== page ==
J Clin Med. 2020 Jul 18;9(7):E2282. doi: 10.3390/jcm9072282.
Knowledge of the outcomes of critically ill patients is crucial for health and government officials who are planning how to address local outbreaks. The factors associated with outcomes of critically ill patients with coronavirus disease 2019 (Covid-19) who required treatment in an intensive care unit (ICU) are yet to be determined.
METHODS: This was a retrospective registry-based case series of patients with laboratory-confirmed SARS-CoV-2 who were referred for ICU admission and treated in the ICUs of the 13 participating centers in Israel between 5 March and 27 April 2020. Demographic and clinical data including clinical management were collected and subjected to a multivariable analysis; primary outcome was mortality.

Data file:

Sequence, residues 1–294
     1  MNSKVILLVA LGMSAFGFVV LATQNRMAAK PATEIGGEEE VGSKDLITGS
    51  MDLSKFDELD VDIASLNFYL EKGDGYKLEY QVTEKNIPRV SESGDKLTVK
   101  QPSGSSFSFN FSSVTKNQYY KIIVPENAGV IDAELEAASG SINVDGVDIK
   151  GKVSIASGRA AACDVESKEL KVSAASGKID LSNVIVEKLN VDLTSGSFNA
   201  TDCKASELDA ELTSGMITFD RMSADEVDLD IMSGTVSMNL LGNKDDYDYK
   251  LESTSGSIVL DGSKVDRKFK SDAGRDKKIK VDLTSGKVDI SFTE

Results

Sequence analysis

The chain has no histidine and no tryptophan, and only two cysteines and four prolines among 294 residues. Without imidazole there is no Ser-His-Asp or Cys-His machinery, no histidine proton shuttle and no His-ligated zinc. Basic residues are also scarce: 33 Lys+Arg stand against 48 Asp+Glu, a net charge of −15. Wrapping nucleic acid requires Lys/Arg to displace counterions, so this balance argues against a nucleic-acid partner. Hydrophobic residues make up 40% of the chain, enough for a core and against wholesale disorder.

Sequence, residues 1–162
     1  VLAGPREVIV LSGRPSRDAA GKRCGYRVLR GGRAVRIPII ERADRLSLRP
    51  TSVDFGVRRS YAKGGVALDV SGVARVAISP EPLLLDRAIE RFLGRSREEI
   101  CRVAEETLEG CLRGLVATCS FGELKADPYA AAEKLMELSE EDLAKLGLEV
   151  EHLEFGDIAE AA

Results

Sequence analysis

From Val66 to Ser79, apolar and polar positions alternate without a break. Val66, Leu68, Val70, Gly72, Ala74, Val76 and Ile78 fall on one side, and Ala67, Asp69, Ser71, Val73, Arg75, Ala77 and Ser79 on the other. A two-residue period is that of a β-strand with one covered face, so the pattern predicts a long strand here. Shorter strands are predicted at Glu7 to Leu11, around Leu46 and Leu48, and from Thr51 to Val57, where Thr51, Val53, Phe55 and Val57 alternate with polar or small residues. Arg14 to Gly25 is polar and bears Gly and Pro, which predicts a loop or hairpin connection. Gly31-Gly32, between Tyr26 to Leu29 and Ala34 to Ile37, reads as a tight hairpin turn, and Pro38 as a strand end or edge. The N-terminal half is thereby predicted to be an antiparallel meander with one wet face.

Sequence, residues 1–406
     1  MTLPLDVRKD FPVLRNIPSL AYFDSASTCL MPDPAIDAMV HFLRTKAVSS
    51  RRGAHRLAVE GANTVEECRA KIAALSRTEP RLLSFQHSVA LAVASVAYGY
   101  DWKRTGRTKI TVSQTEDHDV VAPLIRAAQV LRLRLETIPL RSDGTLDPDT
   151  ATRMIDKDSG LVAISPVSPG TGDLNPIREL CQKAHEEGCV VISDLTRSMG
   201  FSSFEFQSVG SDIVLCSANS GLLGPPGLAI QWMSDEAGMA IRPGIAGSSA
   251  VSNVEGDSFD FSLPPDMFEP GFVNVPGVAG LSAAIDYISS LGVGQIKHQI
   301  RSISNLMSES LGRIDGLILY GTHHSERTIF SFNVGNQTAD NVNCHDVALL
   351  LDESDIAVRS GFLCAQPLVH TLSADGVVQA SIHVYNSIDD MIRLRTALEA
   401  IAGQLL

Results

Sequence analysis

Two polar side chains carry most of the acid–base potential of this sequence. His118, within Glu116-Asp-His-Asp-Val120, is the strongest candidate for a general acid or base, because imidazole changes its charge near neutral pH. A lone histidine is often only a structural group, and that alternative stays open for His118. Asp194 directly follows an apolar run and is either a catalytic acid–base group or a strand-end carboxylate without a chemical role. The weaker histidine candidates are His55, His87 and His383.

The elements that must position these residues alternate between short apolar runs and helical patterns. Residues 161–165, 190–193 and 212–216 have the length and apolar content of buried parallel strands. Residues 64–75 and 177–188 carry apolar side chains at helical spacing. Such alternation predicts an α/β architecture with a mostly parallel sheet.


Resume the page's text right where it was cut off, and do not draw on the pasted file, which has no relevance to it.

RESULTS: This study included 156 patients (median age = 72 years (range = 22-97 years)); 69% (108 of 156) were male. Eighty-nine percent (139 of 156) of patients had at least one comorbidity. One hundred three patients (66%) required invasive mechanical ventilation. As of 8 May 2020, the median length of stay in the ICU was 10 days (range = 0-37 days). The overall mortality rate was 56%; a multivariable regression model revealed that increasing age (OR = 1.08 for each year of age, 95%CI = 1.03-1.13), the presence of sepsis (OR = 1.08 for each year of age, 95%CI = 1.03-1.13), and a shorter ICU stay(OR = 0.90 for each day, 95% CI = 0.84-0.96) were independent prognostic factors.
CONCLUSIONS: In our case series, we found lower mortality rates than those in exhausted health systems. The results of our multivariable model suggest that further evaluation is needed of antiviral and antibacterial agents in the treatment of sepsis and secondary infection.